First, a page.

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Homework Help: Police car's acceleration physics problem

  1. Sep 6, 2004 #1
    A police car traveling a constant 95 km/h is passed by a speeder traveling 140 km/h. Precisely 1.00 s after the speeder passes, the policeman steps on the accelerator. If the police car's acceleration is 2.00 m/s2, how much time passes after the speeder passes before the police car overtakes the speeder (assumed moving at constant speed)?

    I converted 95 km/h to 40 m/s, and 95 to 26 m/s, then I use the equation

    x = x + v*t + 1/2 * a *t^2
    40 m/s * t + 40 m = 0 + 26 m/s * t +1/2*2.0*t^2

    t=15, but that's wrong....any ideas?
  2. jcsd
  3. Sep 6, 2004 #2


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    ... where a is the acceleration with appropriate units, of course! :-)
  4. Sep 6, 2004 #3
    I still get t=15 with that equation. :confused:
  5. Sep 6, 2004 #4


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    You did? I got 6.3 minutes if I did my arithmetic right - seems too long though! Check to see if you converted the units on your acceleration correctly.
  6. Sep 6, 2004 #5
    well, since the final answer is in seconds, I converted 140 km/h and 95km/h to m/s. So

    95km/h * 1h/60min * 1min/60s * 1000m/1km= 26.389 m/s and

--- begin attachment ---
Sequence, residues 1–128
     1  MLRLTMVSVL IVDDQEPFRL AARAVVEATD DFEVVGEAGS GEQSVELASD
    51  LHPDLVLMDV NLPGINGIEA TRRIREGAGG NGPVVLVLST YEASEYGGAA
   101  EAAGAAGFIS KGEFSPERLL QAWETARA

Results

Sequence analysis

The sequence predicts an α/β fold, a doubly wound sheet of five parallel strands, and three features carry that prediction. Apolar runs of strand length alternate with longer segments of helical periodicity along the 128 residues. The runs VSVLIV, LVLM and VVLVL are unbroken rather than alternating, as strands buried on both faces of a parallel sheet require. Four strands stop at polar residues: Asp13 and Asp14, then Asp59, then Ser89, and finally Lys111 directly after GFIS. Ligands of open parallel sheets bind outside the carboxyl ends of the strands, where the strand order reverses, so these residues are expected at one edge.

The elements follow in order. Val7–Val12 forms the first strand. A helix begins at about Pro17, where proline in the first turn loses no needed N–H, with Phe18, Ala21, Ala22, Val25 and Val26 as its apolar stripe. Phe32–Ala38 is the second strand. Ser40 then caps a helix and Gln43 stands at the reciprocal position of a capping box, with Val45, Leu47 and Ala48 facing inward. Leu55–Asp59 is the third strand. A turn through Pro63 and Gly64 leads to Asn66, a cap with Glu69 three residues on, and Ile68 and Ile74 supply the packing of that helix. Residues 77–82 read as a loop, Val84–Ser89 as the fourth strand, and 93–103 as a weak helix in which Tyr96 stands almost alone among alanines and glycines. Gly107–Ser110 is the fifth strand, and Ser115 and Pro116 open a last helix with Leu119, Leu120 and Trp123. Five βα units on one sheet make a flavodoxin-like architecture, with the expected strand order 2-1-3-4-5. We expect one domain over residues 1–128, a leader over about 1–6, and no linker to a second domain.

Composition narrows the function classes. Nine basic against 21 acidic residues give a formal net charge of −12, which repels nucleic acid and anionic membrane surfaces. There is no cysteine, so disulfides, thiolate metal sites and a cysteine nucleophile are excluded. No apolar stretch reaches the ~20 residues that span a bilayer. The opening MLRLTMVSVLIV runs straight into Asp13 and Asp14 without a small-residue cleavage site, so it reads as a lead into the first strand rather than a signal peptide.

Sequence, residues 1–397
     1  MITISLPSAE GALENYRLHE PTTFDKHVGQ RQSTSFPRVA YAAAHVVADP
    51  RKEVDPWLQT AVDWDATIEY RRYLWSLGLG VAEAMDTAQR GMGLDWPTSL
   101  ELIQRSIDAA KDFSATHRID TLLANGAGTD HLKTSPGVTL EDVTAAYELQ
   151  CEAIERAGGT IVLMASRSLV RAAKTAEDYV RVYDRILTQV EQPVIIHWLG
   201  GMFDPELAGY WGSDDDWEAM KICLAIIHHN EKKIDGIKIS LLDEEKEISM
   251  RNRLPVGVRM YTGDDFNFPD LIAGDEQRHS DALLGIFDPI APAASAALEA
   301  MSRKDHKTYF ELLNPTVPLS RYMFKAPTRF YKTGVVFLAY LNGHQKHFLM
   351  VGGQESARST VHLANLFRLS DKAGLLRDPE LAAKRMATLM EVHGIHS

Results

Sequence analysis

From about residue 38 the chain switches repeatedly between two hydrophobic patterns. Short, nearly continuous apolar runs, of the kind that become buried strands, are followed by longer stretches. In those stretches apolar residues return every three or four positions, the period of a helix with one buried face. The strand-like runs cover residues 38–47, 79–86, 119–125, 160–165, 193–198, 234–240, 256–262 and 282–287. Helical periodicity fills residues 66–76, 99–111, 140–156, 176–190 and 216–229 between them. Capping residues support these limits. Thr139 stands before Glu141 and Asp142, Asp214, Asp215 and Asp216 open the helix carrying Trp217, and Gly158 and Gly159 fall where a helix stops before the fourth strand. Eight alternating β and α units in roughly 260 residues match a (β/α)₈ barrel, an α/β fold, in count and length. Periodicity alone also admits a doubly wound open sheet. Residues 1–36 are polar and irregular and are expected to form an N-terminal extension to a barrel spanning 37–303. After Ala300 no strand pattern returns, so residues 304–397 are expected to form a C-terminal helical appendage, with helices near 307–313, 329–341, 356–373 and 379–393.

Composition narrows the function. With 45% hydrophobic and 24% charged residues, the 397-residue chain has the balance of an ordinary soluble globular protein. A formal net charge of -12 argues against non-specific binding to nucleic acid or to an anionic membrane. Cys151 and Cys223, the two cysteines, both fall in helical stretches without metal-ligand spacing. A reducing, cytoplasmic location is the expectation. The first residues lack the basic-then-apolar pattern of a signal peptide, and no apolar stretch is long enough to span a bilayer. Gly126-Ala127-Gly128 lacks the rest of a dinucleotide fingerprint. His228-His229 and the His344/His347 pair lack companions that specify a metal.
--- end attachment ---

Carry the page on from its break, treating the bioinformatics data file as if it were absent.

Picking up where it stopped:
140km/h * 1h/60min * 1min/60s * 1000m/1km= 38.889 m/s.

    so 26.389*t+1/2*2.0*t^2=38.889(t+1)
    and t=15 s.

  7. Sep 6, 2004 #6


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    Oh! The t+1 in my original equation was incorrect. I was mixing seconds with hours. When I correct for that I get something closer to what you have (15.9s).

    How do you know your answer is wrong?
  8. Sep 6, 2004 #7
    The hw is online and when I entered 15s and submitted, it said it was incorrect.
  9. Sep 6, 2004 #8


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    You are getting distance, not acceleration, from that formula. The original formula Tide gave is correct. You need only solve for time. Keep trying.
    Last edited: Sep 6, 2004
  10. Sep 6, 2004 #9
    Chronos, can you clarify what you said?
  11. Sep 6, 2004 #10

    Doc Al

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    This isn't quite right for several reasons.

    Measuring everything from the moment the speeder passes the police car (at t = 0):
    Distance police car travels: [itex]x_p = v_p t + \frac{1}{2}a(t-1)^2[/itex], note that acceleration only begins at t = 1 second, [itex]v_p[/itex] is the initial speed of the police car in m/s.
    Distance speeder travels: [itex]x_s = v_s t[/itex], [itex]v_s[/itex] is the speed of the speeder in m/s.

    So, when the police car overtakes the speeder:
    [tex]v_p t + \frac{1}{2}a(t-1)^2 = v_s t[/tex]
    All times measured in seconds. Now plug in your values and solve for t.
  12. Sep 6, 2004 #11


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    Thanks, Al, I stand corrected!
  13. Sep 6, 2004 #12
    I got 14.4 seconds, is that correct?
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